A Break from the Oneself (and Maybe the World): Examining Depersonalization-Derealization Disorder


*Top image is part of a comic drawn by a community member, with the account name as Planetmclulu, on Bored Panda. The individual’s name is Lulu, and they drew this comic to display what it is like to have depersonalization/derealization disorder. They are cited in the reference section; however, one may go on their account to view more of their illustrations.*

 

Dissociative disorders are characterized by an absence of connectivity between one’s perceptions, emotions, and understanding of self. The dissociation, defined by these types of disorders, usually results from prior experiences with trauma, and is thought to allow the individual to cope with their reality that is a result of situations associated with a painful or sorrowful memory or sentiment (Mayo Clinic, 2017). Depersonalization/derealization disorder (DPDR) is one type of dissociative disorder categorized by the Diagnostic and Statistical Manual of Mental Disorders (DSM-5). Within DPDR, one may experience significant aspects of depersonalization and/or derealization that are strongly likely to interfere with the routine functioning of daily life (Mayo Clinic, 2017). 

The depersonalization element of DPDR is defined by detachment from one’s self in terms of mind and body (2017). With this, an individual can feel that they are viewing themselves from a third-person perspective. Alexithymia may arise as a symptom in which one cannot identify or properly explain their emotions. Additionally, one may experience a physical loss of sensation or ability to control movement which can be further exacerbated by an idea that one’s limbs are disfigured (Fritscher, 2020). The derealization element of DPDR is defined by detachment from one’s environment and other people within one’s surroundings (2020). With this type of dissociation, an individual can feel separate and isolated from their surroundings to the point where they may feel objects and people near them are fabricated (2020). Hence, one’s senses of vision and hearing, which make up memory, may be warped (2020). A person experiencing derealization may have symptoms of hyper-awareness of their environment and visualizing objects in the nearby vicinity to be manipulated into two-dimensional, colorless, or cartoonish configurations (Fritscher, 2020).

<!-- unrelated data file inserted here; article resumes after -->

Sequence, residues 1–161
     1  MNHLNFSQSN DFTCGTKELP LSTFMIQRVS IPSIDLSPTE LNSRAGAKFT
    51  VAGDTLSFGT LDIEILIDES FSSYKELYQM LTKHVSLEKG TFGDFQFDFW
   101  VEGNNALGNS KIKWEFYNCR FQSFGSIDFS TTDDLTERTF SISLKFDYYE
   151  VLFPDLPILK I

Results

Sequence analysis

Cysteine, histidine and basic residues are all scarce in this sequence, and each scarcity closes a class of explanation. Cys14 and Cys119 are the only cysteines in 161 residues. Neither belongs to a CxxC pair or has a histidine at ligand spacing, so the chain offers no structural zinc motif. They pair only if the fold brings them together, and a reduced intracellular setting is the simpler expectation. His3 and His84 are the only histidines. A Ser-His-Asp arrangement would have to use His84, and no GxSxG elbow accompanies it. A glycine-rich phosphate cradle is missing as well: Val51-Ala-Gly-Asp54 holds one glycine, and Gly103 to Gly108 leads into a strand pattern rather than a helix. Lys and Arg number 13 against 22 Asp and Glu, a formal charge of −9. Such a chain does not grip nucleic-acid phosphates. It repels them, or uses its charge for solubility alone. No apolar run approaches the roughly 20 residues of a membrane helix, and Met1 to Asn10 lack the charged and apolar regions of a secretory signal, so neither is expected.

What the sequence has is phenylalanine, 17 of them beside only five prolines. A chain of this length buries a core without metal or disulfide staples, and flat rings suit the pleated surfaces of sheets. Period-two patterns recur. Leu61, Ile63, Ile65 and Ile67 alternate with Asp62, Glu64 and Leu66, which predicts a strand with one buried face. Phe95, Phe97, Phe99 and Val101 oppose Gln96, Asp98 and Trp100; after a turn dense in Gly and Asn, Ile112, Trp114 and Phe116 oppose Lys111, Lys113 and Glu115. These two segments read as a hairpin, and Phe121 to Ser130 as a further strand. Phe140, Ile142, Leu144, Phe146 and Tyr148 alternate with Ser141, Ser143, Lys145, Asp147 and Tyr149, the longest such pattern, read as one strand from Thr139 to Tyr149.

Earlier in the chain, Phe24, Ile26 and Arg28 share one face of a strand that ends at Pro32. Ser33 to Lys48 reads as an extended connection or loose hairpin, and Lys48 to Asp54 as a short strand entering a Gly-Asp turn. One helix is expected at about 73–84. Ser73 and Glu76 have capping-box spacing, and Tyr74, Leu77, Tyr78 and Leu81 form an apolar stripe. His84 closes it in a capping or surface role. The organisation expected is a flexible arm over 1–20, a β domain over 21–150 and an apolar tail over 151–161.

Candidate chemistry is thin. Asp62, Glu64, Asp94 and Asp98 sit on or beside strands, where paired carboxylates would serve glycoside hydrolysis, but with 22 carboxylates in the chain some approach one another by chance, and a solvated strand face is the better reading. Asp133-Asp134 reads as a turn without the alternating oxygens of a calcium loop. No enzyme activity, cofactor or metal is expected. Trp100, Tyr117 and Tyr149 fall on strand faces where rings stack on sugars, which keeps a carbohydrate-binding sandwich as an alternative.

Whether an individual experiences both depersonalization and derealization aspects or just one, it is apparent that this disorder has strong potential to severely impact one’s behavior and capacity in daily function. An individual with DPDR is likely to experience initial symptoms and episodes of the disorder in their mid-teenage years to young adulthood (American Psychiatric Association, 2018). Although most episodes are not chronic, the respective episodes can persist over hours, days, weeks, and even months. The symptoms can also periodically return over several years (Fritscher, 2020). To be diagnosed as an individual with DPDR, along with identifying the presence of the depersonalization/derealization symptoms, it is also important to identify if the disorder is causing social or personal disturbance to the individual and if the individual recognizes that the dissociation they experience is not real (2020). To recognize that one’s reality is not the dissociation experience is a crucial criterion for a DPDR diagnosis, as it rules out other psychotic disorders (Fritscher, 2020).  

While there is no distinct cause for DPDR, it is possible for certain situations or predispositions, such as genetic or environmental causes, to pose a higher risk for individuals to be more susceptible to the disorder. Most often, individuals with DPDR have experienced or witnessed a past trauma such as emotional, physical, or sexual childhood abuse. In early years, a child is more readily able to learn how to view traumatic events from a third-person perspective as personal identity is still under development. Thus, it is possible for dissociation to unknowingly be a coping mechanism for later years of life (Fritscher, 2020). For treatment purposes, it is usually most effective for individuals with DPDR to undergo psychotherapy, such as cognitive-behavioral therapy (CBT). CBT serves to help an individual to reconnect with their emotions, mind, and body, so they may block out false perceptions of themselves and their surroundings. The second form of therapy, eye movement desensitization and reprocessing (EDMR), may also be used, in which an individual is trained to shift their negative thoughts and memories with a series of bilateral (side-to-side) eye movements (Fritscher, 2020). Through this therapy, it is hoped for the individual to focus on a specific memory or thought until it does not cause distress to the individual (Gotter & Raypole, 2022). 

 

References

American Psychiatric Association. (2018, August). What are dissociative disorders? https://www.psychiatry.org/patients-families/dissociative-disorders/what-are-dissociative-disorders

Fritscher, L. (2020, December 4). What Is Depersonalization/Derealization Disorder (DPDR)? Verywell Mind. https://www.verywellmind.com/derealization-2671582

Gotter, A., & Raypole, C. (2022, January 11). Considering EMDR Therapy? What to Expect. Healthline. https://www.healthline.com/health/emdr-therapy

Mayo Clinic. (2017, November 17). Dissociative disorders. https://www.mayoclinic.org/diseases-conditions/dissociative-disorders/symptoms-causes/syc-20355215#:~:text=Dissociative%20disorders%20are%20mental%20disorders,with%20functioning%20in%20everyday%20life

Planetmclulu. (2019). I’ve been suffering from DPDR for over 3 years now, and I want people to know what it’s like (10 comics) [Illustration]. Bored Panda. https://www.boredpanda.com/comics-life-with-depersonalization-derealisation-disorder-planetmclulu/?

+ There are no comments

Add yours